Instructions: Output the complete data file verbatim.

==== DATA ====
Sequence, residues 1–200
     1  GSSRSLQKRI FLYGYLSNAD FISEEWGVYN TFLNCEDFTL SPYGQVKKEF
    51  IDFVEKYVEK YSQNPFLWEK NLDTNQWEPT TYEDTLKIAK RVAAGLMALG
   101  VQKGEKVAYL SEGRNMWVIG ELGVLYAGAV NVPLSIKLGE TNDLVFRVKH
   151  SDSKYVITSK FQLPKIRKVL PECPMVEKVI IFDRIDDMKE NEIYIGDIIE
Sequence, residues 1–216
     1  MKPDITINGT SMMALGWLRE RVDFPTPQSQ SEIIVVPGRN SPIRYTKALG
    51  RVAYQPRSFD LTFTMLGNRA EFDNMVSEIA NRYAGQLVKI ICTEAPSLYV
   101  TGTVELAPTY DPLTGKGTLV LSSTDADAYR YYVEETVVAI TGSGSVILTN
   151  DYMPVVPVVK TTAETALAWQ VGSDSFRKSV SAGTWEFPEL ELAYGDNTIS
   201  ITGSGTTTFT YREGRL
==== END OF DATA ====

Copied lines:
Sequence, residues 1–200
     1  GSSRSLQKRI FLYGYLSNAD FISEEWGVYN TFLNCEDFTL SPYGQVKKEF
    51  IDFVEKYVEK YSQNPFLWEK NLDTNQWEPT TYEDTLKIAK RVAAGLMALG
   101  VQKGEKVAYL SEGRNMWVIG ELGVLYAGAV NVPLSIKLGE TNDLVFRVKH
   151  SDSKYVITSK FQLPKIRKVL PECPMVEKVI IFDRIDDMKE NEIYIGDIIE
Sequence, residues 1–216
     1  MKPDITINGT SMMALGWLRE RVDFPTPQSQ SEIIVVPGRN SPIRYTKALG
    51  RVAYQPRSFD LTFTMLGNRA EFDNMVSEIA NRYAGQLVKI ICTEAPSLYV
   101  TGTVELAPTY DPLTGKGTLV LSSTDADAYR YYVEETVVAI TGSGSVILTN
   151  DYMPVVPVVK TTAETALAWQ VGSDSFRKSV SAGTWEFPEL ELAYGDNTIS
   201  ITGSGTTTFT YREGRL